Conveyor monitoring for wear detection
Conveyor maintenance is a significant daily problem for the mining industry. Conventional methods of detecting bearing failure in conveyor rollers are unreliable, time-consuming and labour intensive.
Overland conveyors of 5 km are commonplace and 20 km conveyors from a local mine truck dump pocket to the processing plant are becoming increasingly common. A conveyor can have up to 7,000 bearings per kilometre. There have been several attempts to speed up and reduce the cost of monitoring all the bearings along a conveyor, and yet the original method of “walking the belt” observing and listening to the sound is still the most commonly used approach.
An improved and near-commercialisation solution by Mining3 is an automated roller failure detector using fibre optics. The new technology is capable of constantly monitoring an entire conveyor system and alerting operators offsite to potential failures before they happen.
A fibre optic cable is run along the length of the belt with a single interrogator and analysis unit in a switch room. The technology works by recording the Rayleigh backscatter from inside the glass fibre. A powerful and very short laser pulse is transmitted along the single mode fibre, so it travels directly down the centre of the glass. Microscopic imperfections in the glass scatter the light in the same way that the earth’s atmosphere appears blue from sunlight being backscattered on oxygen and nitrogen molecules in the atmosphere. As the fibre moves, the backscatter varies and this is captured by a sensitive light sensor, amplifier, and digital to analogue converter (DAC).
The pulse-repetition-frequency of the laser and the sampling frequency are adjustable for conveyor distance, discrimination between idler frames and clarity of signal. When it is correctly set up, the interrogator is so sensitive it can detect the sound of single raindrops hitting the fibre.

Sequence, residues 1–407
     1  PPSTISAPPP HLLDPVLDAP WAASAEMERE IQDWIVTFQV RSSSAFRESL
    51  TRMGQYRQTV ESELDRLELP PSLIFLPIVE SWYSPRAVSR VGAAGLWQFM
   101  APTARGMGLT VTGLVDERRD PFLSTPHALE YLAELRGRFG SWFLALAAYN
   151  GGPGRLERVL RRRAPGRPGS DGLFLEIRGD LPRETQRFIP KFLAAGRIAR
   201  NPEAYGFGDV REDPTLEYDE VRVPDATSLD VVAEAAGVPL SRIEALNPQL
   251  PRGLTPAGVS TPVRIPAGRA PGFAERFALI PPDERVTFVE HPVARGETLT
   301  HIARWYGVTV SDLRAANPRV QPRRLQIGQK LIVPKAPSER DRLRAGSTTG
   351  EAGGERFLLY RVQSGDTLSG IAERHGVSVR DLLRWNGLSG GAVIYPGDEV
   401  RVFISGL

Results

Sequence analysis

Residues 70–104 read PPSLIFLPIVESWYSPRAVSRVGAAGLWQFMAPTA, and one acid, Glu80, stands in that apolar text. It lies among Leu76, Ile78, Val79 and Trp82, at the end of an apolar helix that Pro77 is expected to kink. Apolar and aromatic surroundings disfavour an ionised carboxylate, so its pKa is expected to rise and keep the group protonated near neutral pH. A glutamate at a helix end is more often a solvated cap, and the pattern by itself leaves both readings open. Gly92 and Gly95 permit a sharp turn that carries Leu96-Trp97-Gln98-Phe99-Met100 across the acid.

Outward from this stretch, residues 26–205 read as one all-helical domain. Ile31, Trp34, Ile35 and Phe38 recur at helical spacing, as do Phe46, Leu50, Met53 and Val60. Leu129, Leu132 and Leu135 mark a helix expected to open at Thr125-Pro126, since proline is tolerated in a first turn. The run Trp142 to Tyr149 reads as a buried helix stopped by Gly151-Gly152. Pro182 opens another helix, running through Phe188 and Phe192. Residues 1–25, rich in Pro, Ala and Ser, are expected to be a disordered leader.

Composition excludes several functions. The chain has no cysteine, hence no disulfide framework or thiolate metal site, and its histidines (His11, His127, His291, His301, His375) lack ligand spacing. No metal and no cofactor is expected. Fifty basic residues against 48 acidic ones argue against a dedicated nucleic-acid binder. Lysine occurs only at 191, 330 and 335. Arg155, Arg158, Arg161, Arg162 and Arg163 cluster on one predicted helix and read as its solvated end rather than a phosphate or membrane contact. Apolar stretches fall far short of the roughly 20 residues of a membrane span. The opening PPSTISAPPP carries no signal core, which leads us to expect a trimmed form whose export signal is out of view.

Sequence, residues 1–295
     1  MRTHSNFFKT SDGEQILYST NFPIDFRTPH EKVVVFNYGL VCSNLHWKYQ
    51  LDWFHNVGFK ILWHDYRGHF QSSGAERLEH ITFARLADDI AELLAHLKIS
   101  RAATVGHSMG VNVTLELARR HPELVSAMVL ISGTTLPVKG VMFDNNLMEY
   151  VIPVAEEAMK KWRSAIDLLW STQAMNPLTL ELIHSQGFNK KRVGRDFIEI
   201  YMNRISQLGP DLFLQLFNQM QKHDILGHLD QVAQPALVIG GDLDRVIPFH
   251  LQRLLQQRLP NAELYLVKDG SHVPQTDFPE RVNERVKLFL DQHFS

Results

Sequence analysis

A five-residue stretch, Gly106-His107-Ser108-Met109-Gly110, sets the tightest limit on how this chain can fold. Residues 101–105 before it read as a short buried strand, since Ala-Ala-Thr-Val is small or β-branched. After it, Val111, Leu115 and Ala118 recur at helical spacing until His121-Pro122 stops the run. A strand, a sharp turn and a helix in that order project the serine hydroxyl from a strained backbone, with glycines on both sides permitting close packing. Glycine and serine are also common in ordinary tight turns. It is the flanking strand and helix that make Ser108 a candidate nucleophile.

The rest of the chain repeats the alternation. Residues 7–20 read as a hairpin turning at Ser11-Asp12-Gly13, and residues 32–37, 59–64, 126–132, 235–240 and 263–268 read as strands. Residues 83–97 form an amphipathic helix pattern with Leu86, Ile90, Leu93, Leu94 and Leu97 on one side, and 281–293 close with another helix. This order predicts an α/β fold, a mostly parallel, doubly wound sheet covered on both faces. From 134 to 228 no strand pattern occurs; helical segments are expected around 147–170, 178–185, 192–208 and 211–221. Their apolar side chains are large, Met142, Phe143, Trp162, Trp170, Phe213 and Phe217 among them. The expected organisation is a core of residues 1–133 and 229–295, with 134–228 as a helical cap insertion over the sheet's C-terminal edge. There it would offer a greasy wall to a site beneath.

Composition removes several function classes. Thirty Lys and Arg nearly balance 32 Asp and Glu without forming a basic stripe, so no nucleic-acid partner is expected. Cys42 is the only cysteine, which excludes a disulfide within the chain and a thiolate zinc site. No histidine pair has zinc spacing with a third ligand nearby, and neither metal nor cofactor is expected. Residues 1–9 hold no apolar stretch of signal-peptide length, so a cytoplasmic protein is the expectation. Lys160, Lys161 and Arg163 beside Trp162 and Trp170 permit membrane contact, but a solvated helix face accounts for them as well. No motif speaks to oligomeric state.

It gathers data from every metre of the conveyor simultaneously. Samples are collected for several minutes after which they are processed in software. In less than an hour, every section of the conveyor has its own frequency plot image.
The Mining3 solution generates a “heat map” of the whole conveyor which shows hotspots in yellow and red where bearing wear has been detected by the software. One kilometre of conveyor can be tested in 10 minutes, from an operation centre, by inspecting the heat map and frequency plots at the hotspots and identifying worn bearings.
This technology is capable of:
- Detecting a broken ball or a cracked cage in a ball race
- Observing idler bearings as they progressively wear and track the development
- Predict potential bearing seizure and advise maintenance crews to change a roller at the next shut-down
- Ideally timed roller change-out – not premature and not too late
- Reduced reliance on costly manual inspections
- Subjective approach and more formalised
- Easy installation and repair of the fibre optic cable
- Monitoring of the conveyor can be from an operation centre anywhere
- Captured data can be used to keep records and optimise maintenance strategies
- Maintenance requests can be generated automatically
and the data checked by an engineer in a remote location
- Increased safety of personnel by reduced manual involvement
Mining3 finalised a commercialisation agreement with the Ava Group who are the official developer and global distributor of the conveyor monitoring system. To talk to someone about purchasing or piloting the system, now known as The Aura IQ, contact AVA’s Group Head of Innovation, Extractives and Energy, Andrew Hames.